Jessamy, the protagonist of Kate Elliott’s first young adult novel Court of Fives, is very much in the middle of everything. She and her twin have both an older sister and a younger sister, so they share the traditional middle child role. Jes is a child of two different races and classes: Her mother, Kiya, is a Commoner, while her father, Esladas, is a Patron who has elevated himself above his low-born station to a military Captain. Jes is caught between her desire to compete in the Court of Fives—an intricate, labyrinthine, obstacle race (think something like the course on American Ninja Warrior)—and what society dictates the daughter of a Patron should do, torn between her duty and desire to save her family once her father’s sponsor Lord Ottonor dies.
What she desires above everything is competing and winning in the Court of Fives. The problem is that she cannot win, not without bringing shame on her father (a decorated Military man) and her family. So she competes under a mask and intentionally loses during her first run through the Court, allowing a young man named Kalliarkos to win the day.
Not long after, Ottonor dies and a scheming lord named Gargaron (who happens to be Kalliarkos’ uncle) assumes Ottonor’s debts (which would otherwise be passed onto Jessamy’s family), bringing Esladas into his “employ” and forcing a separation of Jessamy’s family. Her father is forced to lead an army and fight for his new bannerman, Gargaron, Jes’ sisters and pregnant mother are shunted to a fate most dire, and Jes herself is forced to train Gargaron’s nephew Kal to succeed in the Court of Fives. When the family is torn apart, it’s up to Jes to fix things…or at least make them better. Class/societal structure is a major factor in this novel—perhaps the defining factor driving all of the dramatic tension. It weighs upon Jessamy’s every move and even prevents her father and mother from actually marrying, for a Patron cannot marry a Commoner below their station. As her father’s new sponsor points out, many men in Esladas’ situation would simply have married an equal in the social structure and kept Jessamy’s mother as a concubine. Esladas’ commitment to the mother of his children has prevented him from ascending even higher in society, which is why it comes as such a shock to Jes and the girls that her father does, eventually, cast them all aside to join Gargaron.
Elliott immediately thrusts the reader into Jes’ head and heart, and the result is a wonderful immersion in both familial love and the tensions at work within these relationships. Jes and her sisters adore their mother, and while they respect their father, they don’t know him nearly as well because he is often away, off leading armies. What makes this such an outstanding novel is Elliott’s experienced hand at revelation and building compelling characters. I was immediately drawn to Jes as a character, caught up in her plight and the story she had to tell. Much of the YA I’ve read is told from the first-person POV, and in adopting that narrative style, Elliott has placed a great deal of weight on Jessamy’s shoulders—we experience the entire story through her consciousness, and in this case, it works extremely well.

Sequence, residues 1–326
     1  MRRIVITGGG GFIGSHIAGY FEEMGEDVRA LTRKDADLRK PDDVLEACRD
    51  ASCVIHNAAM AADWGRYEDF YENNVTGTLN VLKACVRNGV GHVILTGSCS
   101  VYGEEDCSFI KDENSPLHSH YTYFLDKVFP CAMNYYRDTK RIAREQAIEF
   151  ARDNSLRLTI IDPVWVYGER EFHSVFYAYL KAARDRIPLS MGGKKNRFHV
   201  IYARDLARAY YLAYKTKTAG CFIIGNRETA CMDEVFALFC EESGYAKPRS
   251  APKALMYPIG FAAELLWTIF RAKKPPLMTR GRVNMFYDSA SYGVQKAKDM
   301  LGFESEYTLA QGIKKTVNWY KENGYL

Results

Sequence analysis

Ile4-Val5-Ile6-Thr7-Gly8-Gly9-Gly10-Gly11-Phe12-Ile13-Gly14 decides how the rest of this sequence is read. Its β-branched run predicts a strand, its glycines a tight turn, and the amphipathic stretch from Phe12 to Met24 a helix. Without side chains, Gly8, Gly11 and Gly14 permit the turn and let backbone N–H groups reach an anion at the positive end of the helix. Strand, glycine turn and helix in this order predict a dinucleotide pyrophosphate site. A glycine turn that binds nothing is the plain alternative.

Kate Elliott has a long, acclaimed career in speculative fiction—having been nominated for the World Fantasy Award and Nebula Award for her fiction. In other words, the woman knows how to write and tell a damned fine story, and those skills translate seamlessly into this YA tale. Court of Fives is one of those deceptively simple novels in which there’s a lot to be gleaned from the page if you know to look for it, and even more happening beyond the immediate action, as little details come together to build a very sound structure of a novel. What also works so well is the parallel of the Court of Fives obstacle race and the experiential hurdles over which Jessamy must jump in order to help her family. Jessamy is an extremely well-rounded character who, for all of her love for her family and inner strength, is flawed, occasionally allowing her pride to get the best of her.
Court of Fives is a novel with very wide appeal, which benefits from a young, headstrong, and charismatic protagonist, a mythically-inspired setting that provides a fantastical spin on historical/classical antiquity (think ancient Egypt, Macedonia, and Rome), a strong base of well-rounded supporting characters, and the magnetic force of its dramatic tension, which kept this reader glued to the pages.
This book will appeal to readers and fans of The Hunger Games series, with its great female protagonist and sense physical competition. I also think readers whose favorite character in George R.R. Martin’s A Song of Ice and Fire is Arya Stark will find a lot to like in Jes as a protagonist. Regardless of how you cut it, Court of Fives is a superb novel—Elliott ends the book with a bang, and I eagerly await the sequel.
Rob Bedford lives in NJ with his wife and dog. He reviews books and moderates forums at SFFWorld, has a blog about stuff, and writes for SF Signal as well as here at Tor.com. If you want to read random thoughts about books, TV, his dog, and beer you can follow him on Twitter: @RobHBedford.